The Blog

The Fame Factory: Inside an Actors' Agency

Although I never came across the phrase "A-list" while at the agency, I began to think of the client list in terms of a "postal list". That is, ranking clients according to the postal mode used to deliver their scripts.

It's the morning after the night before. The awards season has officially ended and now it's time to pour over the winners' lists and red carpet fashion, while re-watching the sobbing stars deliver their much-rehearsed award acceptance speeches.

At this time of year, I reflect on my five years working part-time in a talent agency in London - a temping job which I took to support my postgraduate study, but which also provided a privileged perspective behind the scenes of the film and television industry. I spent most of my time assisting various agents in the Actors department. The agency represented a mixture of clients, comprising A-listers, household-name jobbing actors, and up-and-coming young drama school graduates.

In this blog, over the next few posts, I will share some of my observations on the mechanics of the star system in action and on the influential role of the actors' agent. I'll be writing about how stars are made and managed, and the people behind the winners in the fame game.

Fledgling Stars - standing out

How does a fresh-faced, inexperienced youngster make it all the way to the red carpet? Certainly not without the help of a good agent. But with such fierce competition for representation by an agent in the first place, those destined for stardom must stand out from the crowd.

The main tasks of an agent's assistant are to answer the phones and to manage the paperwork. Paper, paper, paper. First up is the post pile. The agents received about ten to fifteen unsolicited CVs and headshots a day from aspiring actors seeking representation, and often more around the time of the drama school graduation shows and University productions. How is our young lad - let's call him Fred (not his real name) - going to rise above the pile in order to shine? Well, there's not much point sending in graduation show details unless your drama teacher, who already knows the agent after several years of contact, has already been in touch with a special recommendation of his or her most dazzling students of the year. Fred's name is already marked (perhaps even since his secondary school days), and out of the casts of maybe twenty graduate shows and student theatre productions, Fred will be among three or four actors lucky enough to have a chat with the agent - let's call him H. - which may lead to the young hopeful being taken on for representation.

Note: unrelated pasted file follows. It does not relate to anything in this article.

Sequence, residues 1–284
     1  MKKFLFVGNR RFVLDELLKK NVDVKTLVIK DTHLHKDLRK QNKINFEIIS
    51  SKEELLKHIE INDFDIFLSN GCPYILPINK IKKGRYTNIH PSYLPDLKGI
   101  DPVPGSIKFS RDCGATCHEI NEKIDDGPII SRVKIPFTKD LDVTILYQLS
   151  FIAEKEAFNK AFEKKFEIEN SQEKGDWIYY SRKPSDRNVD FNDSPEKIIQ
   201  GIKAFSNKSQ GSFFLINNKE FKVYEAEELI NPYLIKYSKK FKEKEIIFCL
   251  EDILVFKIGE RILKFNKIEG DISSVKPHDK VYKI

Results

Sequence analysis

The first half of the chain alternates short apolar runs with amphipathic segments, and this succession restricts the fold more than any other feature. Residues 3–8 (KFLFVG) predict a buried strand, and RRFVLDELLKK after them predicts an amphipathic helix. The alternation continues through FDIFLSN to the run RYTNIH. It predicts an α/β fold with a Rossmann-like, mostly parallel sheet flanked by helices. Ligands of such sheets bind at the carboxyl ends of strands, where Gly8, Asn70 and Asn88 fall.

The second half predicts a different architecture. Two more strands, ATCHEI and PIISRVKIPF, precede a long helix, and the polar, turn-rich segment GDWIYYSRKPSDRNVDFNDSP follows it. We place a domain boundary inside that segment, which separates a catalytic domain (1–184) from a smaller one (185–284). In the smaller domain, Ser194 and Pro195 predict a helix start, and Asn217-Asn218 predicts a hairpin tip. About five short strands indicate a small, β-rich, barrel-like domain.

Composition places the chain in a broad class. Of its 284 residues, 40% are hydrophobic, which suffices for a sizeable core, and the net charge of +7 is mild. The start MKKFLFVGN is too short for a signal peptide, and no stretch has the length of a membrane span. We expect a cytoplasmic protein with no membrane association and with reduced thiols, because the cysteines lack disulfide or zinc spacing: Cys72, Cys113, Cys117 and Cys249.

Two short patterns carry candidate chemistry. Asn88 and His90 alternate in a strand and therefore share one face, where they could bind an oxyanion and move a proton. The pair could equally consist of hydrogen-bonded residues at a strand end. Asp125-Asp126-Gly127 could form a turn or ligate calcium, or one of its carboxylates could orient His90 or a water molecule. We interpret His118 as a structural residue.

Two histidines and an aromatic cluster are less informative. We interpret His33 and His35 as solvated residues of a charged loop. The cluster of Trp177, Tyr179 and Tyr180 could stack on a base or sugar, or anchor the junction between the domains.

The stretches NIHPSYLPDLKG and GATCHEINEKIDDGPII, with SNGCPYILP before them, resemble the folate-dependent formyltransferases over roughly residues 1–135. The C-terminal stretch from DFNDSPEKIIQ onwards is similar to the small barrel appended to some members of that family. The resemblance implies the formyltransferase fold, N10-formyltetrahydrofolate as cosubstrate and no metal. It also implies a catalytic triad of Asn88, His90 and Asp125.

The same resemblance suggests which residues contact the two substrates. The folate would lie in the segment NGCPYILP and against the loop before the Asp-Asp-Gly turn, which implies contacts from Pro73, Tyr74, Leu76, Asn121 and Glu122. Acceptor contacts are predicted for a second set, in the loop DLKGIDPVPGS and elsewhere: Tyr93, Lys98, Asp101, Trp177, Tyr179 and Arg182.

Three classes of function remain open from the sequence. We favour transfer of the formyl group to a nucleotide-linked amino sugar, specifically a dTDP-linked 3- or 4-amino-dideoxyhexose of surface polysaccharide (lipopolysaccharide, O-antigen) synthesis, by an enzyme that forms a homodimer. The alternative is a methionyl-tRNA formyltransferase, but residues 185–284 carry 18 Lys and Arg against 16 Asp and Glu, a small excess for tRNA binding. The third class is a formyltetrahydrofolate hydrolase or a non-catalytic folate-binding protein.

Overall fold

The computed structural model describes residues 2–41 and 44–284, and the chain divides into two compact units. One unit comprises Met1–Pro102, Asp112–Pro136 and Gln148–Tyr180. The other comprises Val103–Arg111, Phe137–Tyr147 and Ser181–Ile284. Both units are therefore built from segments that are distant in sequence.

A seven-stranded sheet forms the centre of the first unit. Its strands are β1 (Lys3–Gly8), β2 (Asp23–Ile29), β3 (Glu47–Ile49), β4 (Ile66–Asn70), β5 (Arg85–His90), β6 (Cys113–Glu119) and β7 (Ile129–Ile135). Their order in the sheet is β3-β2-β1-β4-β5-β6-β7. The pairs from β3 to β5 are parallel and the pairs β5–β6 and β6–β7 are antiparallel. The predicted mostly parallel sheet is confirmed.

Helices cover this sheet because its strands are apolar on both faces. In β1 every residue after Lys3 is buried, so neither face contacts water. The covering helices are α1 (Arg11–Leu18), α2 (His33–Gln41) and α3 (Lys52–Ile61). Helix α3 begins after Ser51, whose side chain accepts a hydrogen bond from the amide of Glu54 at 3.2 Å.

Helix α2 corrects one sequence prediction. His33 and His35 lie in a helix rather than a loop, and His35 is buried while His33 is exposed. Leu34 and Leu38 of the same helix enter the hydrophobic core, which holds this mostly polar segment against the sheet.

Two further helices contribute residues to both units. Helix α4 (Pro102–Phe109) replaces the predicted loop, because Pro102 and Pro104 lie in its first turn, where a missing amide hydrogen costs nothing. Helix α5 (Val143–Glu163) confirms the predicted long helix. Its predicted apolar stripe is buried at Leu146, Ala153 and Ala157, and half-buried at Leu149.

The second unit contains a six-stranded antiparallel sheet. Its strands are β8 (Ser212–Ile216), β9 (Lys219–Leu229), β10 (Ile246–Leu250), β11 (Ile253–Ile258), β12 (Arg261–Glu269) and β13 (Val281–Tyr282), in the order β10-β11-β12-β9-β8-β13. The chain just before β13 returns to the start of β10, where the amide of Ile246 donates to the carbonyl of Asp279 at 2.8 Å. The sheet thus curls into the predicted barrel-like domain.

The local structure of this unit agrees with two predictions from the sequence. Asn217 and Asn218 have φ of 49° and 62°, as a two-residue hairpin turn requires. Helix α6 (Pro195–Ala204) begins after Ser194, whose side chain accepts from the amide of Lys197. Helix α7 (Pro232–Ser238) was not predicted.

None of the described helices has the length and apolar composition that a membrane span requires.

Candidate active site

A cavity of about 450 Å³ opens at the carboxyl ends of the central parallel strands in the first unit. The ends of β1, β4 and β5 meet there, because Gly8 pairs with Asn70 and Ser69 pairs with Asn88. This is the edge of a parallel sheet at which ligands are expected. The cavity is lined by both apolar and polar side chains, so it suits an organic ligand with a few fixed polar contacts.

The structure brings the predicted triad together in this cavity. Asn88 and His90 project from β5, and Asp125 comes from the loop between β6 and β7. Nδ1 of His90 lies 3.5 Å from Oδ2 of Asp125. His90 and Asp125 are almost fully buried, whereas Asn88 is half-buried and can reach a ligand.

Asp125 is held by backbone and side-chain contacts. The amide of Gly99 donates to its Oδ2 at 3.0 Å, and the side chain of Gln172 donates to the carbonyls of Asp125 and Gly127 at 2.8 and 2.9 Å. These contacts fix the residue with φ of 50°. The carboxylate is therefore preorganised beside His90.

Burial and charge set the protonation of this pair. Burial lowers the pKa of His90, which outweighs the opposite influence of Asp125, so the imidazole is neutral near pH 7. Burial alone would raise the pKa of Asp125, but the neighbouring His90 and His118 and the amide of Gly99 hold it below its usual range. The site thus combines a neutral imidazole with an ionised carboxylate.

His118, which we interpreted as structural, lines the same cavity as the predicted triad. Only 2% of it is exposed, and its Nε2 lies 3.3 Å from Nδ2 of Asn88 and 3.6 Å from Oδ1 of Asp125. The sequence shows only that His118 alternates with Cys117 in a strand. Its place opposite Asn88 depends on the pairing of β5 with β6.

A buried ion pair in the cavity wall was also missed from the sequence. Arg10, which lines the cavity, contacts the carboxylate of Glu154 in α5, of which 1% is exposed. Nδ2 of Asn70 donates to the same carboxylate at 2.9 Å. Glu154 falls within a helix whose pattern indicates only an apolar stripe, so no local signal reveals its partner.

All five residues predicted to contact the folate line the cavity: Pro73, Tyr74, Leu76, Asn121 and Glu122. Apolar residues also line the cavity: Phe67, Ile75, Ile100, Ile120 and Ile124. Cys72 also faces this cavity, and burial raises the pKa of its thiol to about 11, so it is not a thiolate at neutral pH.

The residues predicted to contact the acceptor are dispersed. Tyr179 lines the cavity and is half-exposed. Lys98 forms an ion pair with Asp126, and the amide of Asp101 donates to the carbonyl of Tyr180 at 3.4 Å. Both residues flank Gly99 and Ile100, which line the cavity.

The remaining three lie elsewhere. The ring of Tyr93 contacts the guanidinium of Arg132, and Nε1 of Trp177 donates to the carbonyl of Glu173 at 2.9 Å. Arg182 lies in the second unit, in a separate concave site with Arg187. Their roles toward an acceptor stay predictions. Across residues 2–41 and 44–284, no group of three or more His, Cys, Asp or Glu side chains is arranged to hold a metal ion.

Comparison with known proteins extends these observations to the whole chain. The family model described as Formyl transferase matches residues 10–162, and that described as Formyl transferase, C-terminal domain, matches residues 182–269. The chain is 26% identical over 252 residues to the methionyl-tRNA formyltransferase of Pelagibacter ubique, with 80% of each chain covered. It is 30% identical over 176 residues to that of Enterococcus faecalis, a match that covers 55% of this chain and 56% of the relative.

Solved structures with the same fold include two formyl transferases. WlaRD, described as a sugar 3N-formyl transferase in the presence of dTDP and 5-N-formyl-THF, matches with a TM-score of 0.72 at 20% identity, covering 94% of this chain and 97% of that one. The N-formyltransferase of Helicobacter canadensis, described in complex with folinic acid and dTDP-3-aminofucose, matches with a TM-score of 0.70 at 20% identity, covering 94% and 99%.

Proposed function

Kid gloves

Although I never came across the phrase "A-list" while at the agency, I began to think of the client list in terms of a "postal list". That is, ranking clients according to the postal mode used to deliver their scripts.

Administering scripts is a large part of an assistant's job. For each "meeting" (never call it an audition), an actor will be sent a script and selected scenes to read. Occasionally actors were emailed the documents, particularly if the meeting was at short notice, but this would require them to print it out themselves and therefore I put these clients at the bottom of the list. Next up are actors whose scripts were sent by Royal Mail, and above these are the actors who received Special Delivery. Some clients would regularly receive scripts by courier; and you know you're dealing with a star if you are asked to send something by international courier.

One day, I was wading through my paper-based tasks and about to stuff an envelope for an actor who was just starting out, when H., the agent, intercepted me, "No, not for Fred! I'll deal with that!" I was surprised (and relieved, one less envelope for me to manage), for since when did an agent stuff and seal his own envelopes? Nor did H. give the package to his first assistant to check. He actually took it into his own office. It was the showbiz equivalent to being given the royal seal. Fred, who to my untrained eye (I had, at this point, never seen him act) seemed little more than a pubescent toff, was obviously set for great things. He's now at the top of every movie star list.

This incident stood out to me because it revealed how assured the agent was that this young actor was destined for stardom. Since my days at the agency, I have watched young actors rise through the ranks of British and Hollywood filmmaking, all the while supported by committed and confident agents. But was Fred destined for stardom because of his talent, charm and telegenic face? Or was he made into a star by the agent, the careful handling, the direct line, the international courier and the long after-hours calls to L.A.? Who is really the winner - the actor or the agent? I am certainly listening out during the awards acceptance speeches to hear who gets the tearful thanks of gratitude from the podium.

Next time: Casting and Crisis Management - How a Career is Managed